Self-esteem and Individuation 

From the Latinate root “to appraise; to estimate”, self-”esteem” may be defined as the way we hold or estimate our value in relation to others and the world.  Healthy self-esteem is developed through familial acceptance and respect.  Appropriate parental limit setting promotes safety as well as flexibility, and an early environment that is supportive of individual exploration, experimentation and individuation.

Healthy individuation is indicated by having a clear understanding of one’s own knowledge, values and beliefs, and the ability to 'stand' for them. More individuated people are fully aware of the particular set of principals by which they live that define them as unique and distinct among others in the world. So:

    • They are able to retain a healthy sense of their identify, in the presence of those who are most important to them
    • They know how to nurture themselves well, and so are more capable of tolerating temporary emotional discomfort in order to grow with, and among others
    • They are able to make mistakes and learn from them, without “bashing” themselves
    • They have a sensitivity, an empathy for others, because of their sense of interrelatedness between themselves, and others in the world

The less individuated we are the less autonomous we tend to be.  The lower our self-esteem, the more we tend to rely on the positive reflections of others, for a definition of who we are.  We are by nature, social creatures.  So at the deepest level, there is the longing to feel connected to others, and the fear that we’re not.  Do you tend to be over-accommodating or over-compliant and a ‘people pleaser’ or approval seeker?  Is it easy for you to internalize and believe critical ‘others’ and so hate to get into confrontations and arguments?  The issues of Self-esteem and individuation are such familiar themes in therapy because of their intimate connection to how we relate to others, and the ease with which we cope with the world at large. Michael Meade writes: "At all meaningful turning points in life, issues of self worth becomes crucial..."  The higher our self esteem, the greater our ability to participate well in the world.  The goal of therapy of course is become more aligned with our ‘natural Self’, prior to our domestication: to realize a solidly grounded, competent, individuated Self that feels the freedom to be spontaneously and appropriately ‘real’ in any given moment.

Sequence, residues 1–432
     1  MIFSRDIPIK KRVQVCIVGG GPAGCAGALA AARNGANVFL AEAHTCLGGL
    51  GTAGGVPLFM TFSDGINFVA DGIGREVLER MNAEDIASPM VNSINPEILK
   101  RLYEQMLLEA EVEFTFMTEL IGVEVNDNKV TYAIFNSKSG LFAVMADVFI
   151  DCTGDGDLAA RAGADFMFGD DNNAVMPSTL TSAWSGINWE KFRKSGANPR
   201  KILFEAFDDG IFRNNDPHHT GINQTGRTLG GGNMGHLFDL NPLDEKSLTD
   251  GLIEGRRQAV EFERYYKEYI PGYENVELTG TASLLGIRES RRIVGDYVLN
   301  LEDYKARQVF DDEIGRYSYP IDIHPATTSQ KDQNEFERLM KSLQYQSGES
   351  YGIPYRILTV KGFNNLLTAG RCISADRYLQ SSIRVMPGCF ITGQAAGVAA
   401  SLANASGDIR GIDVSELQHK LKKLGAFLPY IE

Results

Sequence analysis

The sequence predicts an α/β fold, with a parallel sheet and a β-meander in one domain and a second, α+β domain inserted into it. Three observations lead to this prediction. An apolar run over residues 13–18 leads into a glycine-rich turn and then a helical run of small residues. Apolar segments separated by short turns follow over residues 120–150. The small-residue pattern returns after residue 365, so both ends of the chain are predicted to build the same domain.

In the Lansing, Michigan area feel free to email or call me with any questions or comments at the address below.

Peter Roseman Psy.S.
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